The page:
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 Figure 3 

Inhibitory effect of Torin2 on human NSCLC PC9/E cell line. Cell viability was measured using the CCK8 assay. (A) Erlotinib dramatically suppressed the PC9 cell viability but not H1975 and H1650 cell lines. (B) Torin2 obviously inhibited cell viability of H1975, PC9, H1650 cell line. (C) PC9/E cells were treated with Erlotinib for 72h, respectively. Erlotinib obviously decreased the PC9 cell viability compared to PC9/E cell. (D) The cell viability of PC9/E and PC9 cell were apparently repressed by Torin2 treatment.

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 Figure 4 

Effects of Torin2 on the Erlotinib-resistant NSCLC cell lines growth in vivo. (A) Tumor size was measured in each group (n=5) injected by PC9/E every 2 days for indicated period. Data are expressed as the mean ± SD. (B) H1975 cells were transplanted into Nodscid mice (n=7 per group). The changes of tumor volume were observed, ★p<0.05. (C) Tumor weight was measured from nude mice transplanted with PC9/E in each treatment group cell. There was a significant decrease in tumor weight from Torin2 treated group. (D) Tumor weight was recorded in each group from Nodscid mice injected with H1975. The tumor weight of Torin2 treated group significantly decreased compared with other treatments, ★★p<0.01. (E) The representative tumors were shown from nude mice in each treatment group. (F) Tumors were from Nodscid mice in each treatment group.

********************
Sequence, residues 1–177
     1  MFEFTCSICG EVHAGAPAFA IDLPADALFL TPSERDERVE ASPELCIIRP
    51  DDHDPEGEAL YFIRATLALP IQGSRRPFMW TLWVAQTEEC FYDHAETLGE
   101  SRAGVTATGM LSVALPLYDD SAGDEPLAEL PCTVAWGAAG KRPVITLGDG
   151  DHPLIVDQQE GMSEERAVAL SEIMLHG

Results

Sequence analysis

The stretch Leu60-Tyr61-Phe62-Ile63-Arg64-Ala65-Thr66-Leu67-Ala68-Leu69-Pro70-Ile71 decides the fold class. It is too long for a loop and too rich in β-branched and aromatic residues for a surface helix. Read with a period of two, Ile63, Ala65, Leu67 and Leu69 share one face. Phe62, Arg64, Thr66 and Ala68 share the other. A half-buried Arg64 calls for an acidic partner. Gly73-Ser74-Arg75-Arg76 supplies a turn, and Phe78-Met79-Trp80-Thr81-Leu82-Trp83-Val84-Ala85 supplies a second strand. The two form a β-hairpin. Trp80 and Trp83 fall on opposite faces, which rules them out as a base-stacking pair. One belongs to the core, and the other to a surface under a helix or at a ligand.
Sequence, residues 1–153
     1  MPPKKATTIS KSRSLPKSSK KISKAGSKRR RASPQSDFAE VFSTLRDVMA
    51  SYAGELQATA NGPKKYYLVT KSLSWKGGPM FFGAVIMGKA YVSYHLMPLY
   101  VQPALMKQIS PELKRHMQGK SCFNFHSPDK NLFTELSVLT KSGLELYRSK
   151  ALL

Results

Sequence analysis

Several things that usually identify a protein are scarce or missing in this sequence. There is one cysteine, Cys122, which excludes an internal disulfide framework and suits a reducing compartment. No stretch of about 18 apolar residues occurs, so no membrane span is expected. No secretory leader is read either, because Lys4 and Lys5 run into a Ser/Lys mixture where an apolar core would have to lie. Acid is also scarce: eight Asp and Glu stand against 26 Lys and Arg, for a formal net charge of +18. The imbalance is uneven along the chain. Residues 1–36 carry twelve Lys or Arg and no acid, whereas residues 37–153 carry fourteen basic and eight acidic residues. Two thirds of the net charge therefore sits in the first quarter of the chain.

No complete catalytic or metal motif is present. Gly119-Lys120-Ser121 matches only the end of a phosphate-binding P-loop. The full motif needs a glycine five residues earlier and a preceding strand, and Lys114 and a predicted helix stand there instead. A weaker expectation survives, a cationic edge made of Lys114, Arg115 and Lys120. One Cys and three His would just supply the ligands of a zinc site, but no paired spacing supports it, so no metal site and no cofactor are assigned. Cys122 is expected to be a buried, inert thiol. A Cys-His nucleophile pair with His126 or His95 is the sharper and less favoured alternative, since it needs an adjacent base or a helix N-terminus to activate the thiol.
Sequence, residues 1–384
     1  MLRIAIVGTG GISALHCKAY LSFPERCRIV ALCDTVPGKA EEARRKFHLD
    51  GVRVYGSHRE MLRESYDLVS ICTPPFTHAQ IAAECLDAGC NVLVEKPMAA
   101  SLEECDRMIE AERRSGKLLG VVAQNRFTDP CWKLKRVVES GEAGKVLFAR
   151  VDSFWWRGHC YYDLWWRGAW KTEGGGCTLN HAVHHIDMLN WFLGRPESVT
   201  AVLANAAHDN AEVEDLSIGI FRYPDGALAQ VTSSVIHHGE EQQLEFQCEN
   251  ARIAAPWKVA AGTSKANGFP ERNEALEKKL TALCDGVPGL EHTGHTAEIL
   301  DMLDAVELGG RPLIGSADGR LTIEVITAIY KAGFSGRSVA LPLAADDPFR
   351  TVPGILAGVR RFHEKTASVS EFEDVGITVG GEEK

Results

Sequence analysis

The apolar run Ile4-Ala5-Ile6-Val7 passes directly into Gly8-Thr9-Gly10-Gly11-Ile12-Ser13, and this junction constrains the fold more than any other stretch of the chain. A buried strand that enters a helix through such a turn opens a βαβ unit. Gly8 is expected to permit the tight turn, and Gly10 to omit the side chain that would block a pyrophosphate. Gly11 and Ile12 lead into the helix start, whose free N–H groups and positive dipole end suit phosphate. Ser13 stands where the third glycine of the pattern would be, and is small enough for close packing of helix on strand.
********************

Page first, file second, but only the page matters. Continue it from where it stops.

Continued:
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The inhibitory effect of torin2 on the EGFR-TKI resistance cells in vivo

The promising in vitro findings encouraged us to further investigate whether torin2 treatment could suppress EGFR-TKI resistance cells in vivo. To do this, we generated xenograft tumors by subcutaneous injection of PC9/E cells into BALB/c nude mice and then treated those mice with torin2 or erlotinib. Eighteen weeks after the transfer of PC9/E line, the volume of tumors from the control mice was 853.2 ± 127.7 mm3. The volume of tumor in erlotinib treated mice had no significance difference compared the control group (807.3 ± 112.9 mm3 vs 853.2 ± 127.7 mm3, P=0.79). The recipient mice treated with torin2 displayed a significantly smaller xenograft tumor (491.9 ± 28.9 mm3), than mice treated with erlotinib (491.9 ± 28.9 mm3 vs 807.3 ± 112.9 mm3, P=0.017, Figure 4A). Moreover, the inhibition effect of torin2 was confirmed by in another xenografted tumor model in Nodscid mice induced by the transfer of H1975 cells. There was no difference between the erlotinib group and control group in volume tumor (763.8 ±155.8 mm3 vs 919.2 ± 221.8 mm3, P=0.58). The tumor size of mice treated with torin2 was markedly decreased than erlotinib group (374.3 ± 26.95 mm3 vs 763.8 ± 155.8 mm3, P=0.042, Figure 4B).